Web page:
Game Theories

Washington City Paper | July 21, 2006
In Hollywood movies, boyhood is a near-perpetual state, lasting well beyond puberty and depicted mostly for the amusement of other overgrown boys (and their indulgent girlfriends). Elsewhere, however, coming-of-age films are apparently still being made. British director Paul Morrison’s Wondrous Oblivion is earnest and didactic, which suits its setting: working-class London in the early ’60s. Chinese filmmaker Ning Hao’s Mongolian Ping Pong is technically a contemporary tale, but it transpires on the border of tradition and modernity—which turns out to be the ideal location for some gentle magic.

Because the latter movie is essentially a one-liner, it’s fitting that it opens with a visual joke. A Chinese-Mongolian family poses for tourist snapshots in front of Beijing’s Forbidden City: first Mom and Dad, then the whole clan—including a lamb—and finally just Grandma. By the time the old woman walks out of the frame, most viewers will have noticed that Beijing is just a one-dimensional backdrop. Then, as Grandma ambles in front of the scene’s far more impressive natural scenery, the big-sky country of Inner Mongolia, the crew rolls down the next photo-illustrated curtain: the Arc de Triomphe.

This sequence, like the movie that follows, is simple, sparing with the dialogue, and affectionately wry. Yet it introduces not only the central character and the sweeping landscape—as expressive as any of the film’s nonprofessional performers, and rendered in images of unglamorized beauty by cinematographer Du Jie—but also some recurring themes. Beijing represents several mysteries, including the modern world and national identity, so it’s a logical development when 7-year-old Bilike (Hurichabilike) and his two friends, Dawa (Dawa) and Erguotou (Geliban) decide that they must make a pilgrimage there.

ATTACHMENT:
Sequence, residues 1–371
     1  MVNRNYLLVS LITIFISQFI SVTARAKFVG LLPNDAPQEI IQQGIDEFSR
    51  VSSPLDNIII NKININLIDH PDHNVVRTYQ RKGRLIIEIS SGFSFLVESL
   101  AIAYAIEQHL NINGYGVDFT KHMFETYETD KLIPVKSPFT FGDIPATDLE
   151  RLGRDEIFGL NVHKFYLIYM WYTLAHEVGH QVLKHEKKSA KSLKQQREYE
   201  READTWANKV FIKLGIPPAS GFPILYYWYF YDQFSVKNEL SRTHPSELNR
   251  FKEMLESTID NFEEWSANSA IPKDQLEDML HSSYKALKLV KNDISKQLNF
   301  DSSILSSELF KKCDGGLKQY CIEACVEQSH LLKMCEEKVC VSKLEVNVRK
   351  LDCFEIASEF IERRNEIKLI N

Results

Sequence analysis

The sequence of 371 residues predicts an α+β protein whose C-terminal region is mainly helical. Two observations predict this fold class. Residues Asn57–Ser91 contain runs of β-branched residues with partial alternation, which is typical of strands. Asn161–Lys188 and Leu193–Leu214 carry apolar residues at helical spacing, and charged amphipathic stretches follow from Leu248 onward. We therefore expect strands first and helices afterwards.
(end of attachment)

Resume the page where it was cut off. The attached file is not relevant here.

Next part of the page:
The journey is set in motion when Bilike goes to fetch water from a meandering stream, only to see a mysterious white sphere float by. He retrieves it, and solicits opinions as to its identity. The boys use their tongues and eyes to determine that it’s not sweet and not an egg. Grandma (Dugema) explains that it’s a “glowing pearl” that belongs to the river gods who live upstream; based on this information, the boys treasure the one-of-a-kind orb. But doubts surface when a traveling film projectionist shows a movie that includes a scene with a golf ball. After the show, the boys ask “Uncle Film” if that’s what their discovery is. No, he says, it’s a pingpong ball. The kids don’t know what that means, but Uncle Film’s tone is so dismissive that Bilike throws the thing down a hole.

The boys and their families live in a world that has been infiltrated by technology but not conquered by it. While Bilike and Dawa ride horses, Erguotou gets around on a motorbike. Traveling hucksters bring in various “American” inventions—coffee, an electric razor—to trade for sheep, or simply to impress Bilike’s pretty older sister, Wurina (Wurina). Television has arrived in the small yurt settlement, but it doesn’t work very well. So the boys can hear but not see the broadcast of a table-tennis match during which the announcer refers to a pingpong ball as “the national ball.” Suddenly, Bilike’s find is important again and must be retrieved. That’s when the kids decide to take it to Beijing, in a trip across the Gobi Desert that, characteristically for this small-scale film, turns out to be less than epic. Eventually, Bilike finds enlightenment much closer at hand—in the nearest town. (Watch for the photo crew, now setting up a steppes background for its urban clientele.) The boy’s final discovery is so startling, however, that the director can’t even show it: The film opens with a visual gag but closes with an auditory one.

Art-house veterans with longish memories will recognize Mongolian Ping Pong’s premise as nearly identical to that of 1980’s The Gods Must Be Crazy, in which a Botswana Bushman is mystified by an empty Coke bottle. That film, however, took a slapstick approach that flirted with outright racism: Funny animals and clueless natives did silly stunts for the amusement of white bystanders. There’s no such condescension in this movie, whose script is credited to Ning, Xing Aina, and Gao Jianguo, but which displays the input of—and respect for—its cast. Mongolian Ping Pong may just be a series of small, genial jokes, but its naturalness is as big a marvel as its vast grasslands and cloudscapes.

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